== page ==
Swiss treaty won't allow India to glean data on older accounts
Although the Swiss Parliament has ratified a treaty allowing Indian authorities to get information on illegal funds stashed in Swiss banks, the government can't glean much data as the pact is applicable with prospective effect, a top tax official said on Tuesday.mumbai Updated: Jun 28, 2011 20:58 IST
Although the Swiss Parliament has ratified a treaty allowing Indian authorities to get information on illegal funds stashed in Swiss banks, the government can't glean much data as the pact is applicable with prospective effect, a top tax official said on Tuesday.
"As far as I can remember, it is prospective...I think it is prospective date, from the date the treaty comes into effect," Central Board of Direct Taxes chairman Prakash Chandra told reporters when asked about the prospects of getting data from the Swiss banks.
This would mean that accounts opened in the secretive Swiss Banks before the ratification of the treaty would not be liable to scrutiny by Indian authorities.
Finance minister Pranab Mukherjee and Swiss Federal Councillor Micheline Calmy-Rey had in August last year signed a protocol to amend the double taxation agreement (DTA) in the area of taxes, which was ratified by the Swiss Parliament's upper house on June 17.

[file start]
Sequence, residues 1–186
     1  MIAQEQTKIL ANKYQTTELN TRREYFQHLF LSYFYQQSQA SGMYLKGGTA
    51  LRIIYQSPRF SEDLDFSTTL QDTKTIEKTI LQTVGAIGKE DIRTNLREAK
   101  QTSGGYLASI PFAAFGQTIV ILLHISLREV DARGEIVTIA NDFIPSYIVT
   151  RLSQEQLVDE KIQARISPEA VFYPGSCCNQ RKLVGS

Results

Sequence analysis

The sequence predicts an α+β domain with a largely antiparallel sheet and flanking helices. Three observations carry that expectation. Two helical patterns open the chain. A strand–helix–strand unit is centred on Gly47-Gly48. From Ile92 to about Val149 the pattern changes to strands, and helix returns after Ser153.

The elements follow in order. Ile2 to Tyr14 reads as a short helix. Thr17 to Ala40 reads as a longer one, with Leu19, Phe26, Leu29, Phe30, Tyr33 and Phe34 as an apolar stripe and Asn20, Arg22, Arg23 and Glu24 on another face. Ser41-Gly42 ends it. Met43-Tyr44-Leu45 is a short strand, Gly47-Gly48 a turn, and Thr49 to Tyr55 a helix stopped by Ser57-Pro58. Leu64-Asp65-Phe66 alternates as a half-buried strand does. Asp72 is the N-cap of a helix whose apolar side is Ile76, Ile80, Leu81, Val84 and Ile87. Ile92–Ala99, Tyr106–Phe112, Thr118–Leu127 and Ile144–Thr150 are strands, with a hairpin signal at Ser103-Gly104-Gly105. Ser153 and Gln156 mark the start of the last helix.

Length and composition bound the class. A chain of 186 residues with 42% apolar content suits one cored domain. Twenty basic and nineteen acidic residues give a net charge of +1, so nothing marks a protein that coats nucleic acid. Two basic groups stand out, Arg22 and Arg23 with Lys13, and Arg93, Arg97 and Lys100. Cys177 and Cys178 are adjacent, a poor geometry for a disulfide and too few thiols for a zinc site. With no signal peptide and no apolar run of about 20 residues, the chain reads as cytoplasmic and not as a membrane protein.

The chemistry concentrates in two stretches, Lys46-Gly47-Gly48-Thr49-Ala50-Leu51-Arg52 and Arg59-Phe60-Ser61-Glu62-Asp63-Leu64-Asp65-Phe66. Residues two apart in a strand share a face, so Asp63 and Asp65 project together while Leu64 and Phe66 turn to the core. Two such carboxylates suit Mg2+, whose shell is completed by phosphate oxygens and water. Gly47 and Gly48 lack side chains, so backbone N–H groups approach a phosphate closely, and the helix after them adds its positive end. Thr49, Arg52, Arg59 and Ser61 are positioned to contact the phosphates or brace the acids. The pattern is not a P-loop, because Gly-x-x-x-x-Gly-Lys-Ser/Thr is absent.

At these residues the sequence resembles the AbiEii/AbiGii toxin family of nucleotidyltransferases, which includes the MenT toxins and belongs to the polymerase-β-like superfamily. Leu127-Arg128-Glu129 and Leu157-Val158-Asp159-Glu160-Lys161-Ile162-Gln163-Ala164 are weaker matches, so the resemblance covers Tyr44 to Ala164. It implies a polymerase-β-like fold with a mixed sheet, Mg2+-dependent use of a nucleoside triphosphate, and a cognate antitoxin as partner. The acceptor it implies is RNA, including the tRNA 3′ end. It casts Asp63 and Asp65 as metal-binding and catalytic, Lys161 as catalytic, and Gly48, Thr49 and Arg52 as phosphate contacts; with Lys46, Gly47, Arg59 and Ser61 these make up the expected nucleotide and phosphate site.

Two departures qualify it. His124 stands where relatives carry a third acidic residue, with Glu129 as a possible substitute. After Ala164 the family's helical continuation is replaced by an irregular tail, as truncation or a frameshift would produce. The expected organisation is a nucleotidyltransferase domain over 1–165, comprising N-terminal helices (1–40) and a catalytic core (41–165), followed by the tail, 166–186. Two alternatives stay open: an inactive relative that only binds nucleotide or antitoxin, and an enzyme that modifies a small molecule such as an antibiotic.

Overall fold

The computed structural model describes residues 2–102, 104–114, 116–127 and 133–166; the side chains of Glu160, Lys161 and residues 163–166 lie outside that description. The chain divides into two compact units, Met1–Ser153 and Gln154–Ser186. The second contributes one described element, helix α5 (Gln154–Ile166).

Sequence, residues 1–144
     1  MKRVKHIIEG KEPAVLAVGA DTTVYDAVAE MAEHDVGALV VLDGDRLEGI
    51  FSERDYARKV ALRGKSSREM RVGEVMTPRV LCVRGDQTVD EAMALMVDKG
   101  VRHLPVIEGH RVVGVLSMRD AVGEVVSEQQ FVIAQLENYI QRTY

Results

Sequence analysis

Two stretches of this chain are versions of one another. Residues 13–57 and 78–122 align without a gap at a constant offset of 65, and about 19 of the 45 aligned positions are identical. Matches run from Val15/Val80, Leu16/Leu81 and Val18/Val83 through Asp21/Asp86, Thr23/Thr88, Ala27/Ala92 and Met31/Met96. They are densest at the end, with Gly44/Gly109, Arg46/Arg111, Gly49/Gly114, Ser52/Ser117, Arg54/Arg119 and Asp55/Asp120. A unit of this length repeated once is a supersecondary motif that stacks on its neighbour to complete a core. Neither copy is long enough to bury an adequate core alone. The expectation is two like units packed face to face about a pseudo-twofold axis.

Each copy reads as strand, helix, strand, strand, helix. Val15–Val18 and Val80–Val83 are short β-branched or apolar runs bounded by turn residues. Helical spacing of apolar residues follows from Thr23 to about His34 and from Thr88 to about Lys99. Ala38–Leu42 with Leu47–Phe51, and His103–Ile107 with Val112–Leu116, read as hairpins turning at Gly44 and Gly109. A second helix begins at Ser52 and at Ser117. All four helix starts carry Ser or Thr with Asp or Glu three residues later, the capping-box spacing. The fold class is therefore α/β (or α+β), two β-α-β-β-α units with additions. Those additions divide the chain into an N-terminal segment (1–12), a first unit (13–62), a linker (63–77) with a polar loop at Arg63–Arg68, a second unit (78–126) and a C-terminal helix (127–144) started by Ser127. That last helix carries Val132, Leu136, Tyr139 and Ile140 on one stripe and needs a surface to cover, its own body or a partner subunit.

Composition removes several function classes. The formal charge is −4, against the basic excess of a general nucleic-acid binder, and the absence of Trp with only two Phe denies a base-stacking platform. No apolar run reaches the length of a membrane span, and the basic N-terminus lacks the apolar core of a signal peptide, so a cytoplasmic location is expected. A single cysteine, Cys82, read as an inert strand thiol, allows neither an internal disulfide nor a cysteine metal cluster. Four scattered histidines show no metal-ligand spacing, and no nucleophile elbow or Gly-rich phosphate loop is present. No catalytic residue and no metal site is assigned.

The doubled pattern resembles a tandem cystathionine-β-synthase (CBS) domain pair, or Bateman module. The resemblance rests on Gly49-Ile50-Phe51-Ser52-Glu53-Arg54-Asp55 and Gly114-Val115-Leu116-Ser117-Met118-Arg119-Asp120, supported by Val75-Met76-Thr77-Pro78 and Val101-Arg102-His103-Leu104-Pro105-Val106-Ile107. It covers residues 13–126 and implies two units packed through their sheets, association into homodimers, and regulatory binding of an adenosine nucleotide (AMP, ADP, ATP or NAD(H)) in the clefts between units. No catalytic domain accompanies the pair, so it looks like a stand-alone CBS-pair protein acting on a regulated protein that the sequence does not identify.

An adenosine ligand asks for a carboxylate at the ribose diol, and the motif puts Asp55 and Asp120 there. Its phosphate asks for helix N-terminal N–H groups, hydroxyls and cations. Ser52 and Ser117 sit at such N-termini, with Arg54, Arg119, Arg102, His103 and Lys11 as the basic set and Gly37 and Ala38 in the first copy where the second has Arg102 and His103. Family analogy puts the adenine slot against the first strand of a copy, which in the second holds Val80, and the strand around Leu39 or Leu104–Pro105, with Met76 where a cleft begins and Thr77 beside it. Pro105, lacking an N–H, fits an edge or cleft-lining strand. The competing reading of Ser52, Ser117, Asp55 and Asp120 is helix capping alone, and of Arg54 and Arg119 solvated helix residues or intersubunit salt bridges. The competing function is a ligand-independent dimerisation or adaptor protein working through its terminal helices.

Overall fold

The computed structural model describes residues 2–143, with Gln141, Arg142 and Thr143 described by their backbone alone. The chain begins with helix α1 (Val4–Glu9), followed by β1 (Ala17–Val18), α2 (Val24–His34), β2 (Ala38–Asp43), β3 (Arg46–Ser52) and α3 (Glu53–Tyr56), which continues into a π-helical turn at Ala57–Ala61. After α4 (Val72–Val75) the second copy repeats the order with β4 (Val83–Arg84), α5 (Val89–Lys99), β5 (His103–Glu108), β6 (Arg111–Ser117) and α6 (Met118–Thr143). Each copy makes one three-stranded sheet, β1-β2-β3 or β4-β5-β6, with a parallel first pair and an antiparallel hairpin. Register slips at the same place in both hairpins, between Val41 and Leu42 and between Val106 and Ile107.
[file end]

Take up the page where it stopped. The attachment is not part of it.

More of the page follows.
Chandra said that although the Swiss Parliament has ratified the treaty, under the Swiss law around 90-100 days are required to make the law take effect.
Once the treaty takes effect, "The understanding is that yes, if we ask specific information with regard to a tax payer giving details as asked for, then they are willing to part with that (information) which earlier was not the case," Chandra said.
Meanwhile, Chandra said a government-constituted committee on black money has received more than 2,500 suggestions from across the country in the last 10 days to deal with the issue.
When asked about efforts to re-negotiate DTAA with Mauritius, news on which had led to a sharp fall in equity markets earlier this month, Chandra said both the countries have decided to take the negotiations - stuck since 2008 - forward and will be meeting to discuss the modalities.
He, however, refused to give any timeframe for the same. The BSE Sensex had tanked by 550 points in intra-day trade on June 20 on fears that the Government might impose capital gains tax on investments routed via Mauritius once the DTAA is through.
Chandra said the quarterly tax numbers will have to grow at a "sustained" 20-24 per cent in the coming quarters in order to achieve the tax collection target of Rs 5,32,000 crore announced in the Budget.
In order to check the illegal fund flows, the Government had decided to place Indian tax officers abroad and two such officials have already been posted in Singapore and Mauritius.
Plans are afoot to operationalise similar offices in Japan, UAE, Germany, UK, USA, France and Canada, he said.